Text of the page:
We recently had an email from Bente Dalsbaek who is trying to trace members of her family from when they lived in Palmers Green in the 1970s. Can you help?
I am writing to you in search for information about a Colin Russell Fisher, born in 1929 who lived at89 Lakeside Road, The Larches, Palmers Green in the mid 1950’s for a unknown time period.
I am currently researching for my book about my grandmother, who left for London in the 1950’s to work as a housekeeper and to be with her then later husband Colin Russel Fisher, a merchant seaman, whom she met at one point in Copenhagen.
In Denmark, where I am from, she left behind a son (my father) from a previous marriage. He was no secret in the new marriage, but remained in Copenhagen with his grandmother.
Colin Fisher and my grandmother, Bente Sjogren, returned briefly to Copenhagen to marry in the summer of 1956. Then they returned to London, where they bought a house in The Larches, Palmers Green together with Colin Fisher’s parents as I understand it.
I have some letters from around that time, describing the move and the area. Sometime around 1960 (when my father was around 15) the contact stopped.
I learned from research that my grandmother had died in 1970, aged 45 in Essex. However, it has been difficult to find out what happened in the aprox. ten years between 1960 and until her death. And to locate Colin Russell Fisher, of whom I only have the above mentioned bits and pieces of information.
Perhaps you know somebody who lived on that road in that period of time? Or anyone that you may imagine could know? I know my grandmother at one point started to work in a hospital instead of housekeeping, but I am not sure if it is a local hospital.
I have also contacted the Enfield Walking Team since I found a Colin Fisher on their team, when they broke a world record in 1977. But if it is the right Colin Fisher, I do not yet know.
At the moment I am trying to come as far as I can on the Internet, before I visit the UK and try to walk in my grandmothers footsteps, trying to imagine her life.
I will appreciate any directions you could give. My father, now age 74, is following my research with great interest and I hope to be able to provide him with some answers as well.
Back in 2019, a time capsule was found at Chase Farm Hospital from the days when it was Chase Farm Hospital School, founded to take poor and orphaned children out of the Edmonton workhouse. Here is how it was reported by the BBC.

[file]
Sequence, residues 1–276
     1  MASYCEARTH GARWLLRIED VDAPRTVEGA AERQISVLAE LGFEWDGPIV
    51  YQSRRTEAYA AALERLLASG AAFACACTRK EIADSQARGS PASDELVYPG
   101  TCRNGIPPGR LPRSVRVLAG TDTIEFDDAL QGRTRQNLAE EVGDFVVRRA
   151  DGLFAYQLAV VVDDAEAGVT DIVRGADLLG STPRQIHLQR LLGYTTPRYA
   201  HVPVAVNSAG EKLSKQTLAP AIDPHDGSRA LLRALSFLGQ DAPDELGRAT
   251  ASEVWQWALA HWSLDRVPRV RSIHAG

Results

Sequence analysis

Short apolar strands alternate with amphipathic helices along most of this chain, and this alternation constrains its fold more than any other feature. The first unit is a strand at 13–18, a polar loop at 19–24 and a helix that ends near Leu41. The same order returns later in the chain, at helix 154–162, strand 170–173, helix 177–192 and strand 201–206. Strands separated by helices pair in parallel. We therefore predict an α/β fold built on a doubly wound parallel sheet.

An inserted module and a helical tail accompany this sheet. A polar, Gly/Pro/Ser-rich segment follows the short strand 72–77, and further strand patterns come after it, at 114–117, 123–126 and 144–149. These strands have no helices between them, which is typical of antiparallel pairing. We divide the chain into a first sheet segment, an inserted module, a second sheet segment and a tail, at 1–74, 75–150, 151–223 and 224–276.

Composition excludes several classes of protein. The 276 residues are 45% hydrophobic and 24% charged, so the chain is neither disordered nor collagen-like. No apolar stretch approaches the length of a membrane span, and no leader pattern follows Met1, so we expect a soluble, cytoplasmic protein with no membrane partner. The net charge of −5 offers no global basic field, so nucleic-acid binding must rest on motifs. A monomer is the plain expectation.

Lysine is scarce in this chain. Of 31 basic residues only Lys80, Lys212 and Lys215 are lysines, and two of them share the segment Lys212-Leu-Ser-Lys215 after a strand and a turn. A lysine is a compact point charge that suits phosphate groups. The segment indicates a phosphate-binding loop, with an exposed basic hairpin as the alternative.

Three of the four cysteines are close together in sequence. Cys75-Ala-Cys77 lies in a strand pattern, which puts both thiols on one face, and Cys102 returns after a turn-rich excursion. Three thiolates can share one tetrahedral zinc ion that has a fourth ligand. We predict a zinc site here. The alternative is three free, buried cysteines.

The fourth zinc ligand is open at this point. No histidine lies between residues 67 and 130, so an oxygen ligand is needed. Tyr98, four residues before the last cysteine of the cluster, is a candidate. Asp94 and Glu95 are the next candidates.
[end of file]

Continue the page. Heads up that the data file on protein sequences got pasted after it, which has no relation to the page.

Its Sunday lunchtime. Probably in winter. From the kitchen, smells of roasting meat and potatoes, bubbling gravy, the windows steaming up. Dad has been pottering around outside in the cold all morning, doing odd jobs but now, while Mum cooks, he is in the living room in his chair in front of the television, still in his baggy green jumper, which is gradually becoming more hole than jumper. The Sunday People is crinkled and pages turned until the familiar tune begins:
Say what you will, the countryside is still
the only place that I can settle down
troubles are so much rarer out of town
Recorded by Max Bygraves in 1956 for the film Charley Moon, it was the original theme tune to Out of Town, a programme which, according to Television and Radio 1978 ‘whether it shows the shoeing of horses, angling or rabbiting, … presents a complete and unsentimental picture of country life in all its aspects.’
Unsentimental I am not so sure, but whether it was fishing for tench, making cart wheels, baskets or floats, putting sheepdogs through their paces, or, the favourite, Appleby Horse Fair, it was gentle and strangely hypnotic and as ‘Sunday’ in the seventies as meat and two veg. And it was Dad’s favourite programme. Perhaps it was awakening the same kinds of feelings as it did with Dad in homes up and down the country, people whose lives had moved away from their beginnings and now worked in offices, but who treasured the fields and pastures and the skills you needed to make a living from them.
Dad wasn’t a countryman as such, though he grew up in the country (son of an oft time farm worker and bringer home of rabbits and pheasants that might not strictly have belonged to him) and has always loved its ways and traditions. And neither, strictly speaking, at least to begin with, was its presenter, the pipe puffing Jack Hargreaves, who, you have guessed it, was born in Palmers Green in 1911.
The Hargreaves family were originally from Huddersfield, where father James Hargreaves established his business first as a commercial traveller and ultimately as a wool manufacturer. The Hargreaves’ were not short of a bob or two, and James and his milliner wife Ada set up a second home in London so as to be nearer business contacts and better healthcare and prospects before starting their family. By 1908, when they had their first son Ronald, later an eminent doctor, they were living in Eaton Park Road but by 1911 they had set up home at 48 Fox Lane. It was there that John Herbert (Jack) was born on 31 December.
Jack had a difficult childhood. He was spirited and rebellious and unable to get along with his father, eventually resulting in an unsatisfactory and inconclusive trip to a psychiatrist. But life began to improve when his mother arranged for him to have a holiday with family friends the Pargeters at Burston Hill Farm near Aylesbury. Jack enjoyed the rough and ready country life, hunting, shooting and fishing and the farm became his second home. Back in London, knuckling down to school at Merchant Taylors proved a rude awakening but he was still able to gain a place at Kings College to study veterinary science before disaster struck: a collapse in James Hargreaves’ business and Jack’s plans to marry meant that Jack had to abandon his studies and get a job – writing advertising copy for Spratts Dob Biscuits at Unilever before moving into the theatre, variety and then radio and finally TV.